Women, War and Peace series
Women, War and Peace originally aired as a five-part series on PBS. From the PBS site:
"Women, War & Peace premiered on your local PBS station Tuesday nights from Oct. 11 to Nov. 8, 2011.
Women, War & Peace is a bold new five-part PBS television series challenging the conventional wisdom that war and peace are men’s domain. The vast majority of today’s conflicts are not fought by nation states and their armies, but rather by informal entities: gangs and warlords using small arms and improvised weapons. The series reveals how the post-Cold War proliferation of small arms has changed the landscape of war, with women becoming primary targets and suffering unprecedented casualties. Yet they are simultaneously emerging as necessary partners in brokering lasting peace and as leaders in forging new international laws governing conflict. With depth and complexity, Women, War & Peace spotlights the stories of women in conflict zones from Bosnia to Afghanistan and Colombia to Liberia, placing women at the center of an urgent dialogue about conflict and security, and reframing our understanding of modern warfare."
The Peace and Justice Studies department at Wellesley presented Women, War and Peace as a six-part film and lecture series, including the film The Whistleblower (2010).
I Came to Testify
The moving story of how a group of 16 women who had been imprisoned and raped by Serb-led forces in the Bosnian town of Foca broke history’s great silence – and stepped forward to take the witness stand in an international court of law.
Guest speakers: Zeina Chemali and Stacey Schamber
Zeina Chemali, Assistant Professor of Psychiatry, Massachusetts General Hospital
Professor Chemali is a leader in the emerging initiative for Peace in Medicine Education. The aim of the initiative is to education health professionals how armed conflict undermines health systems everywhere and why, from a public health perspective, it is important to help prevent such conflicts. Applying this approach to war and other forms of violence, the Medical Peace Work developed by Professor Chemali introduces courses on violence prevention to doctors, nurses, public health workers, mental health practitioners and students. The courses are meant as a positive contribution to peace building and violence prevention with a key emphasis on structural violence. The courses provide insight on the active role and responsibility health care professionals play in Medical Peace Work.
Stacey Schamber, Wellesley College '99 is a Licensed Independent Clinical Social Worker and holds a Master in Theological Studies. In addition to working at the Codman Square Health Center for the last two years, she also works part-time outpatient neurology at Brigham And Women’s Hospital. Ms. Schamber has a particular interest in integration spirituality into her clinical work. She also has experience working in hospice and has knowledge of death, dying, grief, and loss. More recently Ms. Schamber has done major work in mediation, conflict-resolution and women at the heart of conflicts and war. She has volunteered in Uganda, Ecuador, and the Dominican Republic. She has developed a course of Clinical and Family assessment, which she co-teachers with a Social Work Colleague to graduate students in psychiatry at Jimma University in Ethiopia. In addition to classroom discussion and lecturing she offers training to home visits, and collaboration with community organizations. Together with Dr. Chemali, Ms. Schamber has been involved with the Libyan initiative in Boston, proving medical and psychiatric care to injured fighters from the Libyan civil war.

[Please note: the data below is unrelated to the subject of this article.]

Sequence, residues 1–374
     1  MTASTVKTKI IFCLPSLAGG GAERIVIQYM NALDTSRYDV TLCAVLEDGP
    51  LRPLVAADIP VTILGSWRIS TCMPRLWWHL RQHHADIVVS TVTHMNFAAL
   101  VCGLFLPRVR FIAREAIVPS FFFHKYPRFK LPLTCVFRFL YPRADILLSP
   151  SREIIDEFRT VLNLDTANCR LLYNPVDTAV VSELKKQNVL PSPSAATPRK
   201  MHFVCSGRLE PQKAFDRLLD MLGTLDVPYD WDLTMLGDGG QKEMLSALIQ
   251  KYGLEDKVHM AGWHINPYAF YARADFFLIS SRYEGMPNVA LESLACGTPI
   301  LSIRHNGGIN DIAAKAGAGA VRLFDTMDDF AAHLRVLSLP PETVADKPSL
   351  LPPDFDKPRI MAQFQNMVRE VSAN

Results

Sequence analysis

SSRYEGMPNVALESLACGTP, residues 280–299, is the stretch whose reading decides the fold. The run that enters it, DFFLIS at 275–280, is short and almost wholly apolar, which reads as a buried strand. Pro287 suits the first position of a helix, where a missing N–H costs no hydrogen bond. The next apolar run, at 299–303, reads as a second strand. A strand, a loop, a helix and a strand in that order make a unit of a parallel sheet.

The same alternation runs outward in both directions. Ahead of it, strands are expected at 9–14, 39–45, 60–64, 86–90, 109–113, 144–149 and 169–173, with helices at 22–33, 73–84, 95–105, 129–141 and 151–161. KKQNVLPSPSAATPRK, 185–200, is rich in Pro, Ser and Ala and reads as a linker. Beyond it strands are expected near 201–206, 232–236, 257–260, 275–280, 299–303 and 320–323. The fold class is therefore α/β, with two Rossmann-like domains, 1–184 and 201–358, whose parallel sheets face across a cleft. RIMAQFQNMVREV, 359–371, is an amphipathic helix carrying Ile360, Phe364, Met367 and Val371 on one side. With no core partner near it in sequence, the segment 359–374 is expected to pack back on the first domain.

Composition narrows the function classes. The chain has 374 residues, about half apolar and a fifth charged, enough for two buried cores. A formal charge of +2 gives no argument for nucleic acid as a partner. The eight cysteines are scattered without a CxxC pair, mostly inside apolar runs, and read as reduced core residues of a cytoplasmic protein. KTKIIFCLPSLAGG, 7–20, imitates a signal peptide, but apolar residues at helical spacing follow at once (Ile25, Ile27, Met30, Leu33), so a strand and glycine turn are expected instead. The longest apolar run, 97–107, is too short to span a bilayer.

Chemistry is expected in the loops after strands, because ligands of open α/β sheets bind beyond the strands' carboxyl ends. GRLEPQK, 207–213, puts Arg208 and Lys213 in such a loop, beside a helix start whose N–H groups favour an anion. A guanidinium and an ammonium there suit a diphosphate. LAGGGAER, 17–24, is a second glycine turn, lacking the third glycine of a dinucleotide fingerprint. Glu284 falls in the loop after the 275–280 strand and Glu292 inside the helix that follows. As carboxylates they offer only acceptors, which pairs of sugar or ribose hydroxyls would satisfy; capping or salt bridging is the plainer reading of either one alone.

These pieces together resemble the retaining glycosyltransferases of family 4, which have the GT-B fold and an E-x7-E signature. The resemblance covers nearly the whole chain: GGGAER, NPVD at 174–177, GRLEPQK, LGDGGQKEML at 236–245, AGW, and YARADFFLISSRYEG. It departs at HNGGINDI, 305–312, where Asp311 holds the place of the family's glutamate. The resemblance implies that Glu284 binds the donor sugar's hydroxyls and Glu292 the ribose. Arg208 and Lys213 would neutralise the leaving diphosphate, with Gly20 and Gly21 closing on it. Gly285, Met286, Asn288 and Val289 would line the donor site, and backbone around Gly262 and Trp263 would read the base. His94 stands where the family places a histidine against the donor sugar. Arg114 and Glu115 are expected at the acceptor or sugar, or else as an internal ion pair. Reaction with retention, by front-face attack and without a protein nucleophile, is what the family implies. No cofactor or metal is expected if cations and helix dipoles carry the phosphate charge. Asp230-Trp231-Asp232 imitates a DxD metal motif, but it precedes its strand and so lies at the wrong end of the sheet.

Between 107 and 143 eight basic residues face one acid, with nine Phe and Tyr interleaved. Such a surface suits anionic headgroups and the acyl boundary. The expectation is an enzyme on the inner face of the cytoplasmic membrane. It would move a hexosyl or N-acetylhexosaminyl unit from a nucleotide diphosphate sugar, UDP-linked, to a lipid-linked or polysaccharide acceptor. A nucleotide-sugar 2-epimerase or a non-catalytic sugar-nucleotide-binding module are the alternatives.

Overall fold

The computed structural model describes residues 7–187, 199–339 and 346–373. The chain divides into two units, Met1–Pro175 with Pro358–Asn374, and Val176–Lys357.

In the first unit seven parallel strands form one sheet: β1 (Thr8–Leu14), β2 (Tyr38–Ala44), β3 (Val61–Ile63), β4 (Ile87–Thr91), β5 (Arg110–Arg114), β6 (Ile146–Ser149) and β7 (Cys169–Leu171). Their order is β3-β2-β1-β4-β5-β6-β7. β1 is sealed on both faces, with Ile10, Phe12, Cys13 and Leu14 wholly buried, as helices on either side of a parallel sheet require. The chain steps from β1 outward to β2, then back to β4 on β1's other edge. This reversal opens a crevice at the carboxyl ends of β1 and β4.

Pray the Devil Back to Hell
The astonishing story of the Liberian women who took on the warlords and regime of dictator Charles Taylor in the midst of a brutal civil war.
Three women in Afghanistan risk their lives to make sure women’s rights don’t get traded away in peace negotiations with the Taliban.
A drama based on the experiences of Kathryn Bolkovac, a Nebraska cop who served as a peacekeeper in post-war Bosnia and outed the U.N. for covering up a sex scandal.
Guest speaker: Madeline Rees
Madeline Rees qualified as a lawyer in 1990 and became a partner in a large law firm in the UK in 1994 specializing in discrimination law, particularly in the area of employment, and public and administrative law. She also did work on behalf of both the Commission for Racial Equality and the Equal Opportunities Commission mainly on developing strategies to establish rights under domestic law through the identification of test cases to be brought before courts. Ms. Rees brought cases both to the European Court of Human Rights and The European Court in Luxembourg. She was cited as one of the leading lawyers in the field of discrimination in the Chambers directory of British lawyers. In 1998 she began working for the Office of the High Commissioner for Human Rights as the gender expert and Head of Office in Bosnia and Herzegovina. In that capacity she worked extensively on the rule of law, gender, and post conflict, transitional justice and the protection of social and economic rights. The Office in Bosnia was the first to take a case of rendition to Guantanamo before a court. The OHCHR office dealt extensively with the issue of trafficking and Ms. Rees was a member of the expert coordination group of the trafficking task force of the Stability Pact, thence the Alliance against Trafficking. In the film The Whistleblower, Ms. Rees is portrayed by Vanessa Redgrave.
The War We Are Living
In Cauca, a mountainous region in Colombia’s Pacific southwest, two extraordinary Afro-Colombian women are braving a violent struggle over their gold-rich lands.
The capstone of Women, War & Peace challenges the conventional wisdom that war and peace are men’s domain through incisive interviews with leading thinkers, Secretaries of State and seasoned survivors of war and peace-making.
Guest speaker: Tanya Henderson